Aviation Day Highlights
EAA Chapter 654 offers a glimpse of aviation’s past
ON AUGUST 21, GUESTS AT Montague Airport-Yreka Rohrer
Field in California celebrated Aviation Day, organized by EAA
Chapter 654, with a look at Siskiyou County’s aviation history.
In the 1940s, two airplanes crashed separately in the area, but
the crash site locations were somewhat of a mystery. Aviation
Day included displays of pieces from each aircraft, a B- 24 and a
Grumman F6F Hellcat.
Chapter members aided in confirming the June 11, 1943, crash
of a B-24E, tail number 42-7199. In 2009, a resident found bullet
casings and advised the location. Artifacts were recovered by
EAA Chapter 654 and put into the Sisson Museum. The chapter
also assisted in identifying the 10-man crew, six of whom died
in the crash. Stacy Churchwell, brother of the B- 24’s co-pilot,
George Churchwell Jr., who died in the crash, traveled from
Florida to attend Aviation Day with his family.
The second crash occurred in 1945. Coast Guard and U.S. Air
Force search units tried unsuccessfully in 1946 to locate the wreck
Attendees to EAA Chapter 654’s Aviation Day converse on the tarmac at Montague Airport-Yreka Rohrer Field.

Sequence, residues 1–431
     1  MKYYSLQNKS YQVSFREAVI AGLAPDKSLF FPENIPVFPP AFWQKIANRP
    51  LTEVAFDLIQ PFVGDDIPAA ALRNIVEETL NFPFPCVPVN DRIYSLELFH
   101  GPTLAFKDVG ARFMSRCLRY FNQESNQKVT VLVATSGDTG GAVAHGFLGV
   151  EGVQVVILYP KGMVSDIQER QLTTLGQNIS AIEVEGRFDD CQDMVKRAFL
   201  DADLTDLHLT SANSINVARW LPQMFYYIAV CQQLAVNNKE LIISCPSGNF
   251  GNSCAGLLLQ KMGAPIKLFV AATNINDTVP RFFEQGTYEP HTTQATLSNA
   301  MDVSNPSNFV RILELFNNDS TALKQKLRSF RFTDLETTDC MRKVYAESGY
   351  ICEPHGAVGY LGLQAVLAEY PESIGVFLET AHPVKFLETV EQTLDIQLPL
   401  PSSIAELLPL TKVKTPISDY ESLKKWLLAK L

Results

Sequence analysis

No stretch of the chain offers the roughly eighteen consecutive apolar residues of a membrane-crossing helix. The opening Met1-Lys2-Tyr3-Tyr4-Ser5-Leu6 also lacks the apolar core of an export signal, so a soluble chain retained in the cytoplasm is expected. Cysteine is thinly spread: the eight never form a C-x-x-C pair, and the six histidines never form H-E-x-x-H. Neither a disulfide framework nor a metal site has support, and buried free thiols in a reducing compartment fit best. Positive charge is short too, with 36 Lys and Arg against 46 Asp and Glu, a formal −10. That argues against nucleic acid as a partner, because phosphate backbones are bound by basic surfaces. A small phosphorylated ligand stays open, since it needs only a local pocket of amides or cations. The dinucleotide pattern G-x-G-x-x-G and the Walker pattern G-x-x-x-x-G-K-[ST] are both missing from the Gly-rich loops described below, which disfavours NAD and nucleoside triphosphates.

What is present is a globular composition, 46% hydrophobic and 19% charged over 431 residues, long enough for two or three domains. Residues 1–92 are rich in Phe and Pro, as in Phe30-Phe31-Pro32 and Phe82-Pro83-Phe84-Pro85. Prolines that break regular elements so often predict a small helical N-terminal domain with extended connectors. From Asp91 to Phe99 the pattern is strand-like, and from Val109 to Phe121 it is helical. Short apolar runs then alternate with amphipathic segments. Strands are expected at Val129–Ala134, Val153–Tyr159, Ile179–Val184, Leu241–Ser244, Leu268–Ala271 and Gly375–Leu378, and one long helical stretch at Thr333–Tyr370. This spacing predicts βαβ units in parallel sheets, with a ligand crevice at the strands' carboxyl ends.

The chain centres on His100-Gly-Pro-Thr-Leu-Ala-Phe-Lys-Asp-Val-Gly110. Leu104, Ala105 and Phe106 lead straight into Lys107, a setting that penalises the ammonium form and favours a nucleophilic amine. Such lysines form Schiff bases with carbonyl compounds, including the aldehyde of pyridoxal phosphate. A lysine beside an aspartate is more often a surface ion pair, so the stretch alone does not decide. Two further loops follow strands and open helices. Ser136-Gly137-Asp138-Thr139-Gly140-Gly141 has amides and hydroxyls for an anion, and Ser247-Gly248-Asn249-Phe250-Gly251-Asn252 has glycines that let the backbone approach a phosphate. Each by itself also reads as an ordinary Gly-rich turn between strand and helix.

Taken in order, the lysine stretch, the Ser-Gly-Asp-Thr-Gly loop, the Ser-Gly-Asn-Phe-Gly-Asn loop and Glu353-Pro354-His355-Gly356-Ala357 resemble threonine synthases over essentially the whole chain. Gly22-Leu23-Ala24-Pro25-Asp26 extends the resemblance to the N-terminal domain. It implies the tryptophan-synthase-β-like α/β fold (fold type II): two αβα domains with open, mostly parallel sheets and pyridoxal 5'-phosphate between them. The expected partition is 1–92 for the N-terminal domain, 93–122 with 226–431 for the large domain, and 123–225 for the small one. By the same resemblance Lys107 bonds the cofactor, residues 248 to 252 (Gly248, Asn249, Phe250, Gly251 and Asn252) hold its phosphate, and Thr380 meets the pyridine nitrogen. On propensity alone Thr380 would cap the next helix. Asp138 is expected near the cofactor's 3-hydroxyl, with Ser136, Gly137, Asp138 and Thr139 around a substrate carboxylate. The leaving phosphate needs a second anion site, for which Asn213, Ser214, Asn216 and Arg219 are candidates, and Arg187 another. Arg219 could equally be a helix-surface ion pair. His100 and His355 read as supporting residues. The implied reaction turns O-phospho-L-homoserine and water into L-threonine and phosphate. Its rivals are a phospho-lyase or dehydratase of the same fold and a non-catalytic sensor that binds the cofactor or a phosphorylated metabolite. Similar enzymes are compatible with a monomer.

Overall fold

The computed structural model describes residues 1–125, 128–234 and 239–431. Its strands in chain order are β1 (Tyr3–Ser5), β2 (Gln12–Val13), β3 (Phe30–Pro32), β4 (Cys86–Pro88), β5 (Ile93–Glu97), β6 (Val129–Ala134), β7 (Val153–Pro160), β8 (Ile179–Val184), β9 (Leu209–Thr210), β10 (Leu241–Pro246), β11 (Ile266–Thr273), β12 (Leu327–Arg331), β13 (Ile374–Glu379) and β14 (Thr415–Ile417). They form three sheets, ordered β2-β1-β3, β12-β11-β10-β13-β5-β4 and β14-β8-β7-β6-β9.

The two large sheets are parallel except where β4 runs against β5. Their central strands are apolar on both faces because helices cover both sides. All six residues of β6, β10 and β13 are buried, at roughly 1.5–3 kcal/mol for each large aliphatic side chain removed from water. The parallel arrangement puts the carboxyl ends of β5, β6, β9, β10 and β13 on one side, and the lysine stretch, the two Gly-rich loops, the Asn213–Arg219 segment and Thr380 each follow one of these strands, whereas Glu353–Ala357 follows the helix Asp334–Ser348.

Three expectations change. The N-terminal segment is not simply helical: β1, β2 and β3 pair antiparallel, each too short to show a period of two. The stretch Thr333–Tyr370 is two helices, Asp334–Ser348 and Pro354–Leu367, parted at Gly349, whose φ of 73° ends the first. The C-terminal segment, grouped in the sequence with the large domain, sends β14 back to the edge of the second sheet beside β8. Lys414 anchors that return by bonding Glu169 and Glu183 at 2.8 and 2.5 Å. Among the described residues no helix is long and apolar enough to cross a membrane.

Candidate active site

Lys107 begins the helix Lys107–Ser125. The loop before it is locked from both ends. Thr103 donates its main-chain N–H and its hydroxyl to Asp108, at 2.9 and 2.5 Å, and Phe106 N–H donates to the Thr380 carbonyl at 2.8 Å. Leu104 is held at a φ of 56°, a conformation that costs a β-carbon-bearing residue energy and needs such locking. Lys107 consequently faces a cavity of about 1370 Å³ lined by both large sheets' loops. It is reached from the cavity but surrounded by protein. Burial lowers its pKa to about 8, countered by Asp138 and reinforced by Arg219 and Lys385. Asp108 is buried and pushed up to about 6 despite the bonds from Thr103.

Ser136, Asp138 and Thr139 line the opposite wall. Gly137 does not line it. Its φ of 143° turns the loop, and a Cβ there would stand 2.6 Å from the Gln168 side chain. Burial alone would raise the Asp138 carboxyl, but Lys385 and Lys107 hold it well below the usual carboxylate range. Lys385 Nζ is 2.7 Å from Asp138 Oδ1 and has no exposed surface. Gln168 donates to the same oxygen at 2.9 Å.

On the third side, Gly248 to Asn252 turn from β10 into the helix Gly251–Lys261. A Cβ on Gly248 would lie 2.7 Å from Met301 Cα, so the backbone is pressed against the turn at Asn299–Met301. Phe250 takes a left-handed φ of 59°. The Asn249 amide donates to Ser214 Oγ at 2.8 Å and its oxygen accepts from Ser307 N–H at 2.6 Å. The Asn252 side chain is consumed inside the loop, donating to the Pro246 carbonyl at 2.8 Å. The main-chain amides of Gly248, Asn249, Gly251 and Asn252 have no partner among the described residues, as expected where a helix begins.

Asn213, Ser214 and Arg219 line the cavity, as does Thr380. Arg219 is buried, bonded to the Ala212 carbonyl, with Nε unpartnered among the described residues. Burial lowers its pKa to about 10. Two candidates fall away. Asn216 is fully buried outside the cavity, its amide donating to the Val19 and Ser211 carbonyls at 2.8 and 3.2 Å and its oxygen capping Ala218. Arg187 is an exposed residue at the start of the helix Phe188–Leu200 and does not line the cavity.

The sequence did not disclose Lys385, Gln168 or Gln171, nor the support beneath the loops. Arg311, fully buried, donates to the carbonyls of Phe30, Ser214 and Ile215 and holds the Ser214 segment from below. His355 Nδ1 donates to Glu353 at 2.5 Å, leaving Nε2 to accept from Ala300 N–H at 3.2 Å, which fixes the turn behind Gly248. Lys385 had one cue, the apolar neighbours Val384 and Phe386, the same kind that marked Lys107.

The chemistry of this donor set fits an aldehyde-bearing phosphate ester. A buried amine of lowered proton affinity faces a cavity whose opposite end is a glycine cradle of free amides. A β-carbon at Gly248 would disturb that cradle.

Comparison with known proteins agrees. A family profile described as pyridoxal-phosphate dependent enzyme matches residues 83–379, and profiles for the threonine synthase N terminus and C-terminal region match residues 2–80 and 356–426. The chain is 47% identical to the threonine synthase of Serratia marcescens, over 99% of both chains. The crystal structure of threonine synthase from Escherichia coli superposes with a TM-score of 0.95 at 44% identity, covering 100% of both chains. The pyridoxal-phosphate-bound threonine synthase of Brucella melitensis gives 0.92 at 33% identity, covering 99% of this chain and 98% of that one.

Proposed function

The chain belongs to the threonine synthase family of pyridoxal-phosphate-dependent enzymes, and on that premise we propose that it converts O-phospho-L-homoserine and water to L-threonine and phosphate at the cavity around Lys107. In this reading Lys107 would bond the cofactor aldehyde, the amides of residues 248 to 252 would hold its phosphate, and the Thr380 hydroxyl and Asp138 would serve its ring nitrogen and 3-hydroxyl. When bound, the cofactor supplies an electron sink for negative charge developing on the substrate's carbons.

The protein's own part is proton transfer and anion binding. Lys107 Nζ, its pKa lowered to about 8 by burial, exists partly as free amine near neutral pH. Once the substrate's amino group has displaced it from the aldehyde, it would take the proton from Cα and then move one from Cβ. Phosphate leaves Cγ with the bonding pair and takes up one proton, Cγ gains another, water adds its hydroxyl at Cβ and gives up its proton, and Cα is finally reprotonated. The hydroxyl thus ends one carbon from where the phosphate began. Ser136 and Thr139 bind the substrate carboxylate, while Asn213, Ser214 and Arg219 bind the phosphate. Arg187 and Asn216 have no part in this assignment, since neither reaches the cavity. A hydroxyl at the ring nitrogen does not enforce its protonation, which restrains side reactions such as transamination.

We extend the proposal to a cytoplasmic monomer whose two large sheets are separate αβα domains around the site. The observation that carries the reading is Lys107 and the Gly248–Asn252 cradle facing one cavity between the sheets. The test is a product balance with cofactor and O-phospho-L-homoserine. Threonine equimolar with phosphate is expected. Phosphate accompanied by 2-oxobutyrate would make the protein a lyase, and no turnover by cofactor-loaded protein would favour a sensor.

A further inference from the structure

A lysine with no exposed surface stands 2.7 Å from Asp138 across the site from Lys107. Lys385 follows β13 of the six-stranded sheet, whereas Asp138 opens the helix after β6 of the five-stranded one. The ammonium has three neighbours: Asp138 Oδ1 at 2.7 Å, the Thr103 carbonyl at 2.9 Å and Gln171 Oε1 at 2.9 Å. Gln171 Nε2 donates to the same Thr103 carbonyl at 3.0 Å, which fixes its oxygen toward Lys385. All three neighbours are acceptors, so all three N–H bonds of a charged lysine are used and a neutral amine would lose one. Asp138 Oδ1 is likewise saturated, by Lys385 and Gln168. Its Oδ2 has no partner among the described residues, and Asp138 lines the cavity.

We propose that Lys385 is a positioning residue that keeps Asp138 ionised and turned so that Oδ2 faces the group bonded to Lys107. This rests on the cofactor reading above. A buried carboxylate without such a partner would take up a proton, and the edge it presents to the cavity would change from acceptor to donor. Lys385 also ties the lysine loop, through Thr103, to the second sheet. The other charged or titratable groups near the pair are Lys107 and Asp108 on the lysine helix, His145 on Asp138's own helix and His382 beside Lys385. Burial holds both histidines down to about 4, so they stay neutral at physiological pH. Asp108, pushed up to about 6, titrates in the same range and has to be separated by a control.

of a Hellcat piloted by Lt. R.A. Hopen. The pilot’s
father, Jens Hopen, set up camp in the area after
leaving his home in New Jersey with his life savings of
$900 to search for his son’s remains. He hired guides
to assist him, but after 32 days, Hopen left without
success. Later that year, a resident found the wreckage,
and Lt. Hopen’s remains were transported to Arlington
Nancy Ballard Hopen, niece of Navy Lt. R.A. Hopen,
traveled from Arkansas to see her uncle honored at
Aviation Day. EAA Chapter 654 is trying to gather
information regarding Jens Hopen’s search for his
son’s remains to memorialize Jens’ actions.
Artifacts such as what they think is the tailwheel pivot from a wrecked Hellcat were on display.